×

Uh-oh, it looks like your Internet Explorer is out of date.

For a better shopping experience, please upgrade now.

These Demented Lands
     

These Demented Lands

5.0 1
by Alan Warner
 

See All Formats & Editions

After the critical success of his first novel,  Morvern Callar, Alan Warner has written an extraordinary, stirring sequel to Morvern's odyssey, confirming him as one of the most original, uniquely gifted writers to have appeared this decade.

An air-crash investigator haunts the hinterlands of an island—around the isolated honeymoon hot spot,

Overview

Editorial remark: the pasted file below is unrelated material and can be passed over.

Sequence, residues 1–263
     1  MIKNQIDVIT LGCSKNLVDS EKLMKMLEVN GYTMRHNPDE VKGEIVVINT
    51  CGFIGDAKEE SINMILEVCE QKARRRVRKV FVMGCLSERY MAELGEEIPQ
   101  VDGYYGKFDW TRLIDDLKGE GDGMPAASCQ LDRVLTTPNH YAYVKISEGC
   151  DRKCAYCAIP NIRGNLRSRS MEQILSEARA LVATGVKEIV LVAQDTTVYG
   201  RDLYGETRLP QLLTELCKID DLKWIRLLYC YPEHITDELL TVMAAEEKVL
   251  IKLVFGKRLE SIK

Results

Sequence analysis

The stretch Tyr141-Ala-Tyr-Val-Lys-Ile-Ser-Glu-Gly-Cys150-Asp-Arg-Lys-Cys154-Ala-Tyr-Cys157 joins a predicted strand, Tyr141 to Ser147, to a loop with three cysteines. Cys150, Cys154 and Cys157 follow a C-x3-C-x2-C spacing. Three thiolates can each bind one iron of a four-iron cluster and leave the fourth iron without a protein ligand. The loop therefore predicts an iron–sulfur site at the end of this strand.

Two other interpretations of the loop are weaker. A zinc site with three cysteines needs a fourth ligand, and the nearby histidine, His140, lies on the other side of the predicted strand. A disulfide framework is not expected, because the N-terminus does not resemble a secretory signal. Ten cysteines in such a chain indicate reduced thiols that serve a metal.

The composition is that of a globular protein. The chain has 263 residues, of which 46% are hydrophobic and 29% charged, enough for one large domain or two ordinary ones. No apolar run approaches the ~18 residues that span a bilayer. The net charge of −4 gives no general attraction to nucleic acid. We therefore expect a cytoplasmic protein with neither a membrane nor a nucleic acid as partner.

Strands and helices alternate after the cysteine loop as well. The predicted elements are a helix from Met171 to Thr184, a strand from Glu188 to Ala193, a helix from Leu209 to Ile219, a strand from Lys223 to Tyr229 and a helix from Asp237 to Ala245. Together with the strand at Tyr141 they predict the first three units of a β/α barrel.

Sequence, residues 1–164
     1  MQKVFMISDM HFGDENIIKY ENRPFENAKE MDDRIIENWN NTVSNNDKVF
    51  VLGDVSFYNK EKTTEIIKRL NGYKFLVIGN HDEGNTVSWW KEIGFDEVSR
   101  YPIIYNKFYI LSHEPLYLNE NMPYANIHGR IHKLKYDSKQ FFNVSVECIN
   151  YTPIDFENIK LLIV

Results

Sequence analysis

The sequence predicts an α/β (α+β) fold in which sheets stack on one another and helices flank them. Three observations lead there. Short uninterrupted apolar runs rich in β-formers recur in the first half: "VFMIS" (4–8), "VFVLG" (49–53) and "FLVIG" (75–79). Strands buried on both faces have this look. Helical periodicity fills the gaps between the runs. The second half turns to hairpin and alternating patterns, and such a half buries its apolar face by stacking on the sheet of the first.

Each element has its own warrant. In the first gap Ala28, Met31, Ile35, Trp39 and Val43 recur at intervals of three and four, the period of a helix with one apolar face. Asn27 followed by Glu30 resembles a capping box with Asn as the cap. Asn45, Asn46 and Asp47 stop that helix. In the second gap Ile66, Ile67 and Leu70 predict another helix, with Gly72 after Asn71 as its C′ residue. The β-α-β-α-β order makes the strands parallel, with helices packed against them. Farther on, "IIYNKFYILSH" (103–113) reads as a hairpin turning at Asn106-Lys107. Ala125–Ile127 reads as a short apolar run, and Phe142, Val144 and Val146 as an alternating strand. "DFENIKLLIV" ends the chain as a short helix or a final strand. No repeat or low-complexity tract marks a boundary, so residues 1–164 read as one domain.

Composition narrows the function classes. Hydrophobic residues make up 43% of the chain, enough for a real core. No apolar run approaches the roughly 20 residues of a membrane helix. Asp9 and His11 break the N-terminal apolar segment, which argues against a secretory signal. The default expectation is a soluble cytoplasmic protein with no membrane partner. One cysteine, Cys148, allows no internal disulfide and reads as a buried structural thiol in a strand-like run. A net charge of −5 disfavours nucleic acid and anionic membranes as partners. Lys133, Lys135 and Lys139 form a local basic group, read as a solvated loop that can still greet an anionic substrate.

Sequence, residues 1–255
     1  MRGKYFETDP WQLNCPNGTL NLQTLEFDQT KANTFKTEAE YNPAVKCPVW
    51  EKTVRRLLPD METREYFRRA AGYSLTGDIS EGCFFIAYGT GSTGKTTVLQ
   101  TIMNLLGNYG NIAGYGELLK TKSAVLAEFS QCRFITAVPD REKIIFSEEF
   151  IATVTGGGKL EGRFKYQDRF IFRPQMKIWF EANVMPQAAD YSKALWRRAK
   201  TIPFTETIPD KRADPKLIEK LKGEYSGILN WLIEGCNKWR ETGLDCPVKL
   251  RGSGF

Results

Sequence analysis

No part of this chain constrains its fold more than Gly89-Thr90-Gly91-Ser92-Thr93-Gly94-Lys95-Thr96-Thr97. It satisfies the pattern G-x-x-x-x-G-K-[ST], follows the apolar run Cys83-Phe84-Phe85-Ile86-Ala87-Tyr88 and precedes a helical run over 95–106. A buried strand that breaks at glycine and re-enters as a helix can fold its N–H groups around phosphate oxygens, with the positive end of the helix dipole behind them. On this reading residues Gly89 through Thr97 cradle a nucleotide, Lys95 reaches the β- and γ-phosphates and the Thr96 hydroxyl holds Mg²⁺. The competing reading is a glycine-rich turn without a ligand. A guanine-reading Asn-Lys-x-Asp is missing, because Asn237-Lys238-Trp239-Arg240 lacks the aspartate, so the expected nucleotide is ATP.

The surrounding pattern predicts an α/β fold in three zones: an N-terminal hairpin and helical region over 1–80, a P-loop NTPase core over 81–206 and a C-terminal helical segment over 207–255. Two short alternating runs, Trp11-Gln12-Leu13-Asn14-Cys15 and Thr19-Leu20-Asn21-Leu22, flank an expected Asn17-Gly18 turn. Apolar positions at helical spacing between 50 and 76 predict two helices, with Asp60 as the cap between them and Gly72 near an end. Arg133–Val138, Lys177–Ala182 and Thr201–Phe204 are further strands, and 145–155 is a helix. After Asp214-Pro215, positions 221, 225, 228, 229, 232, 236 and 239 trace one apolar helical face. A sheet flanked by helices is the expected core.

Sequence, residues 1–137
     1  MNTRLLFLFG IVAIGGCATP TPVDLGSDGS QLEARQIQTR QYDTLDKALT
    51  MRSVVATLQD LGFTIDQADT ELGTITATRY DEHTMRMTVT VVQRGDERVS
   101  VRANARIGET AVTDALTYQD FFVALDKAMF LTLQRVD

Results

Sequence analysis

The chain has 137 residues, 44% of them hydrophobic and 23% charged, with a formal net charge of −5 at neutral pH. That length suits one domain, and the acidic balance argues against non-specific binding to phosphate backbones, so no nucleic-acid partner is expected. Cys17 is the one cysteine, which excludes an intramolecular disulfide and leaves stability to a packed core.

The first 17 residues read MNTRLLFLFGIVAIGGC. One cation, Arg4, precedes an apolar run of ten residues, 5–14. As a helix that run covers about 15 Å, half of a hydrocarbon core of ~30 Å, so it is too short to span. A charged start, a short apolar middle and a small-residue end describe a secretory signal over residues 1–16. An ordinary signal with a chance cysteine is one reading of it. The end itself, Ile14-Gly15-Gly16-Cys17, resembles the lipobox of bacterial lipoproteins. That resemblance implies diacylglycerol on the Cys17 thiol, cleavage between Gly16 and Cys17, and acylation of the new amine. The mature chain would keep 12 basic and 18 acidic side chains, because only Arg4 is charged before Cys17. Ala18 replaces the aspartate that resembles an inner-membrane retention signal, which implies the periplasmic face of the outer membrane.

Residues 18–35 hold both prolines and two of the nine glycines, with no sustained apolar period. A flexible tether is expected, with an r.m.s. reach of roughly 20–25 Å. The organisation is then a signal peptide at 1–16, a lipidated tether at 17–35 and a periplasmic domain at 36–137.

After the critical success of his first novel,  Morvern Callar, Alan Warner has written an extraordinary, stirring sequel to Morvern's odyssey, confirming him as one of the most original, uniquely gifted writers to have appeared this decade.

An air-crash investigator haunts the hinterlands of an island—around the isolated honeymoon hot spot, the Drome Hotel—gathering the debris from fallen planes that the islanders have fashioned into makeshift sheds and fences; but what kind of jigsaw is he really assembling as he paces the runway?

A young woman makes landfall on the island, crossing the interior to arrive at the Drome Hotel: desperate, strange—and strangely familiar.

Meanwhile, DJ Cormorant is trying to organize The Big One, a rave on the adjacent airstrip, and from all over These Demented Lands come twisted characters, converging for one final Saturday night at the Drome Hotel.

Editorial Reviews

Publishers Weekly - Publisher's Weekly